If someone sees a beautiful woman – no matter whether she is Jewish or not, one is required to recite a blessing. This is not speculation. This is a Halacha in the Shulchan Aruch (OC 225:10) as explained by the Chafetz Chaim in his magnum Opus, the Mishna Berurah (note 32). (Although he says that in our day we should do so without Shem U’Malchus. That is - without mentioning God’s name directly or His sovereignty over the universe.)
This is true of all things of beauty. Chazal mandated that we acknowledge God’s creations with a plethora of blessings to cover the good; the bad; the ugly and the beautiful.
This does not mean we have to go out of our way to find beautiful women in order to recite a blessing. But it does seem to suggest that the current tendency among many on the extreme right to avoid any visual contact with women in the public square has gone way overboard. Whether it is separate seating on buses, at weddings, or separate sidewalks ...or in one of its worst incarnations the haranguing of an 8 year old girl trying to attend an all girls elementary religious Zionist school in Bet Shemesh... Chazal never mandated the kinds of things being done today in order to avoid the sight of even an 8 year old girl, let alone a woman sitting next to them on a public transport.
I experienced a very unpleasant experience like this one time on an airline that had a group of Chasidic passengers. I have traveled with Chasidic passengers before, but only experienced the following one time by passengers that I can only describe as extremists in their views regarding women and Tznius.
After being seated on a very full plane a flight attendant came up to a female passenger sitting next to me and asked her if she would be willing to change seats with a Chasid so that he wouldn’t have to sit next to a woman. I remember being very perturbed by that. The Chasid in question was a very large individual - tall and overweight. The woman sitting next to me was petite. The woman didn’t mind and there I was suddenly squished next to a huge person who took up every inch of space he could in the seat next to me including the armrest – reeking of cigarette smoke!
This is symptomatic of the larger issue dominating the media these days. There are so many instances of women being pushed out of sight that it has long ago crossed the plane of normal behavior. The kind of thing that happened to me should not have happened. Not in a public place. Not when one’s personal obsession with Tznius impinges on the rights or comforts of others – as it did with me.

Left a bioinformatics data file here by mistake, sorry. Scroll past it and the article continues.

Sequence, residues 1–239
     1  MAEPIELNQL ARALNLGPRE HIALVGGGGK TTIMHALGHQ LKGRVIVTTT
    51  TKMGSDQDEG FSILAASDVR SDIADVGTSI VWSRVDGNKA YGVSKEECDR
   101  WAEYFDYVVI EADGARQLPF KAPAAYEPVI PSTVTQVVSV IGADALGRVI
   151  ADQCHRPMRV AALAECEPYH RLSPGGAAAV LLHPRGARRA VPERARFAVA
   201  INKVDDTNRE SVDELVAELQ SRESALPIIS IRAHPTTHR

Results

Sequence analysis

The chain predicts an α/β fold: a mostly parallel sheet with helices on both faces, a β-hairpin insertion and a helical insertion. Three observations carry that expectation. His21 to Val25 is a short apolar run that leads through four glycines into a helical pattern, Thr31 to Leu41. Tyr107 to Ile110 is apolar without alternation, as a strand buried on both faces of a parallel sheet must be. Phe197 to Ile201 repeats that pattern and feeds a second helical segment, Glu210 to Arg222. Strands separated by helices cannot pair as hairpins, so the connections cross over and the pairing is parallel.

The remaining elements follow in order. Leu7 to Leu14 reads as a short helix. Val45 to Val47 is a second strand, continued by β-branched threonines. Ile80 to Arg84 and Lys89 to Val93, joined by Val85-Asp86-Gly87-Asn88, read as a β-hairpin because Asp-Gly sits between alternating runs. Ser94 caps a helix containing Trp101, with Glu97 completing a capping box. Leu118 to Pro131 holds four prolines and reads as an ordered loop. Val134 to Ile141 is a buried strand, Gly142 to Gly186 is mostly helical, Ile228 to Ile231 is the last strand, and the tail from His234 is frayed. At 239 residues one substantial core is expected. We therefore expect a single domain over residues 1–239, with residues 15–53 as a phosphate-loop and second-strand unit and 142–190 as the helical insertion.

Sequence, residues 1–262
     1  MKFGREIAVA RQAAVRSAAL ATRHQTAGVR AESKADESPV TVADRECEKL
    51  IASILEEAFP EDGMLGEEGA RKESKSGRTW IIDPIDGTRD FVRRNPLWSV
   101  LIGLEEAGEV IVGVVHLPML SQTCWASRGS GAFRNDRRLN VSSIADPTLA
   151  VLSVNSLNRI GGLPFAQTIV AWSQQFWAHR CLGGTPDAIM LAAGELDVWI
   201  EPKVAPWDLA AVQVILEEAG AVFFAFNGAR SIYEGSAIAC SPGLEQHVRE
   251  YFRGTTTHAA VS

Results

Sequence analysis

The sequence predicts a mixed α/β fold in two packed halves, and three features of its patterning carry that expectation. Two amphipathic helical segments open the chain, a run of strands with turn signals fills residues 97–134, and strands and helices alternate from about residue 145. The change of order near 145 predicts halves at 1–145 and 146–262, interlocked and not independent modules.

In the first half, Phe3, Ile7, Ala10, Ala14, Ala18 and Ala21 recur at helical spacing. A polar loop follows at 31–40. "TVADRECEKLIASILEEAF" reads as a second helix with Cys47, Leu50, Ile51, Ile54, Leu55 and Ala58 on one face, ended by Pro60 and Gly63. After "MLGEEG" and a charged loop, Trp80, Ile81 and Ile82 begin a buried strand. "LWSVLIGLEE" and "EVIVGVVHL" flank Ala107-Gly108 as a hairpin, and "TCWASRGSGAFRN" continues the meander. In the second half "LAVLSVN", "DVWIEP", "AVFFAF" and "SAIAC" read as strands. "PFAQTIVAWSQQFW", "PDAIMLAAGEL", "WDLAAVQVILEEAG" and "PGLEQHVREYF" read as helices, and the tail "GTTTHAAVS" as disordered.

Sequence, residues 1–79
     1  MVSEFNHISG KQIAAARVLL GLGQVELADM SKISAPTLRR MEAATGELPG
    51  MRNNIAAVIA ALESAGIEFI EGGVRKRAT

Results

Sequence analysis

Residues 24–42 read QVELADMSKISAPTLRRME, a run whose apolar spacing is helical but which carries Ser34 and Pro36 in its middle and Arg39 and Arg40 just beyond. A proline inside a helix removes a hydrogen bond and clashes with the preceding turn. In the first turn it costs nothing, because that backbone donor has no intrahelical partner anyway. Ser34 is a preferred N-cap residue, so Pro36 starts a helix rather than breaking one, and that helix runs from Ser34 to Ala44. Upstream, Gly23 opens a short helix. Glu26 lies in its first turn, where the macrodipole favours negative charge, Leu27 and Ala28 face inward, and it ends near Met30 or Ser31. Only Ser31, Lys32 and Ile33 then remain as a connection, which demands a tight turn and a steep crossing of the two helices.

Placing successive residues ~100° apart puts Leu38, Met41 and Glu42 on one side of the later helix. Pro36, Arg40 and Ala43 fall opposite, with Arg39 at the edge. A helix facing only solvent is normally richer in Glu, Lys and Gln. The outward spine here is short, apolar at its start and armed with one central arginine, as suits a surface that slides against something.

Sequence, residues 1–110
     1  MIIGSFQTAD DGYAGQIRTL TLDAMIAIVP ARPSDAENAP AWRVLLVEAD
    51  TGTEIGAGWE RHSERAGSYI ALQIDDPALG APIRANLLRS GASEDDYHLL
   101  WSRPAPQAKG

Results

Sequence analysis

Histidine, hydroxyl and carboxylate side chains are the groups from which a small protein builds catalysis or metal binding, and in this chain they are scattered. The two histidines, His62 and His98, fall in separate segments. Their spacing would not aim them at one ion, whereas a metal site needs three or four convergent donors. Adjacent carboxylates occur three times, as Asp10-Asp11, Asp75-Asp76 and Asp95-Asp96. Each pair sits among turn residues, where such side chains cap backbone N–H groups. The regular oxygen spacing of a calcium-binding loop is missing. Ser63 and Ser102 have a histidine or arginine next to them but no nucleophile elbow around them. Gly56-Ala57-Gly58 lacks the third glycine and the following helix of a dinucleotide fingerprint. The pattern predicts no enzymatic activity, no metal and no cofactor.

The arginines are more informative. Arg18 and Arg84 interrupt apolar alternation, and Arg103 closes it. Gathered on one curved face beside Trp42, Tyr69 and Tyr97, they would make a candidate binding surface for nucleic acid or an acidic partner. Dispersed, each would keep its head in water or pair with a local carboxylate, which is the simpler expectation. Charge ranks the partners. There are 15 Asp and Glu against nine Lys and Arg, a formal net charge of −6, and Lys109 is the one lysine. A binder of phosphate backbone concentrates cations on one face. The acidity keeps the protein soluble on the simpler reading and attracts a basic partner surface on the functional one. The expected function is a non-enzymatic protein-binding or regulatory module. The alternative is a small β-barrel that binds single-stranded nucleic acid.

Nor should behavior in the name of Tznius be allowed if it becomes so bizarre that it creates a Chilul HaShem. This was the case recently on an El Al flight where Chasidic looking passengers took out cardboard boxes, each one of them surrounding himself so as to make a partition – keeping out of their view any possible sight of a female – modestly dressed or otherwise.
I do not recall anywhere in the Gemarah where Chazal suggested going to such extremes to avoid the sight of a woman who may not be dressed properly. While it does strongly warn us to avoid areas where that may be common – as in the famous case of women washing clothes standing in the Jordan River, it never suggest walking around wearing blindfolds with a seeing eye dog.
The Halacha of making a Bracha upon seeing a beautiful woman is based on a Gemarah in Avoda Zara (20 a and b). It tells the story of a great sage who had a chance visual encounter with a woman of great beauty. He did not recoil. He did not run away. He did not say Vidui – a confessional prayer of penance. He did not think he had to do Teshuva. He instead made a Bracha - a blessing thanking God for creating a woman of such beauty.
Had he been the extreme type of Charedi like those who put cardboard boxes around themselves on that El Al flight - unlike that sage he would be trying to figure out how to avoid that from ever happening again. The Gemarah never suggests that the sage did that. Nor that anyone else should. The Gemarah does not suggest we resort to abnormal behavior in service of extremes of Tznius.
There are some who would advocate that El Al accommodate these passengers and have a special section of the plane reserved for them. On the surface one may argue, what’s the harm? Let them sit where they want as long as the other passengers are not inconvenienced. The problem is that they are inconvenienced. As I was by that large Chasid who asked to exchange his seat with the petite woman sitting next to me
I can only guess at their next demand. Will they ask for first class? First class is closed off. What better way to accommodate them?!
How far do we have to go to accommodate abnormality? If these extremist Charedim feel threatened by female beauty, it is only because they have been indoctrinated to feel that way. The sexes in their world are so segregated that the sight of any woman in public, no matter how Tzanua can – I suppose - actually cause indecent thoughts in their men.
Does that mean that the rest of us have to be subjected to their strictures? Does it mean we have to accommodate them no matter how ridiculous it looks to the rest of the world? So ridiculous that it makes a laughing stock out of Judaism? Charedi extremists like these like to say that they represent the most religious among us. Is that how Judaism should be projected to the world as practiced in the ideal? Cardboard boxes?! Really?!
In my view public facilities like El Al should never accommodate abnormal behavior if there is no Halachic requirement to do so. It should not have to be the rest of the world that adjusts to their extremism. They should instead adjust to the real world – if they want to take advantage of things outside of their own. Like flying on commercial aircraft.